Date of this Version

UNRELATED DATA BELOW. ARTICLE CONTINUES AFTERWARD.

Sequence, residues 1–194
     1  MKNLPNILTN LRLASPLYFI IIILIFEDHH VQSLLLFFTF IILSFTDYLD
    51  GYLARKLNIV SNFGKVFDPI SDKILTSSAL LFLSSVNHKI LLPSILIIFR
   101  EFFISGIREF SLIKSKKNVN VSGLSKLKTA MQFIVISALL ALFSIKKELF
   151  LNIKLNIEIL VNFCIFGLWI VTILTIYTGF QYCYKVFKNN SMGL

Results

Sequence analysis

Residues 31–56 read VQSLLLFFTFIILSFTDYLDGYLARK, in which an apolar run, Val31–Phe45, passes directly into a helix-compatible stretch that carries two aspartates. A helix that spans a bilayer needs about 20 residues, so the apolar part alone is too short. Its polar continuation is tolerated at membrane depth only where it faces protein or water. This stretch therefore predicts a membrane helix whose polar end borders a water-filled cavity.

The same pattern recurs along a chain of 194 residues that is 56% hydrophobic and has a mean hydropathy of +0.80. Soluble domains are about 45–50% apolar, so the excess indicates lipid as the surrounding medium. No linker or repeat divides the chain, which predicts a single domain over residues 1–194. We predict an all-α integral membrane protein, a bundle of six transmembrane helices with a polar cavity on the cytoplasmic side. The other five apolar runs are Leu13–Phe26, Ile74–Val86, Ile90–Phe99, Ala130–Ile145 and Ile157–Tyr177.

Among many other factors, the decline of the western distinct population segment of Steller sea lions Eumetopias jubatus in Alaska (USA) has been attributed to changes in the distribution or abundance of prey due to the cumulative effects of fisheries and large-scale climate change. However, the depletion of localized prey resources due to small-scale environmental variability and perturbations may be impeding recovery, resulting in the need to understand how the environment currently affects this species on smaller spatial and temporal scales. The objective of this study, there-fore, was to assess how Steller sea lions respond to changes in localized environmental features. Satellite-relayed data loggers were deployed on juvenile Steller sea lions (n = 24) from July 2002 to May 2004 in the Aleutian Islands and Gulf of Alaska. Weekly indices of foraging effort (mean and maximum trip duration, diving activity) of Steller sea lions were examined with respect to corresponding patterns of sea surface temperature (SST) data obtained from the moderate resolution imaging spectroradiometer. An assortment of landscape metrics was used to characterize the heterogeneity of frontal features derived from SST gradients because it has been suggested that Steller sea lions depend on prey patches associated with these features. Multivariate analyses indicated that fractal dimension and patch density of frontal features were significant factors for predicting different aspects of foraging effort (p < 0.05; n = 6 models). Overall, results suggested that aggregated frontal features associated with small-scale temperature gradients were probably conducive to foraging effort of Steller sea lions, but additional mechanisms should be investigated further.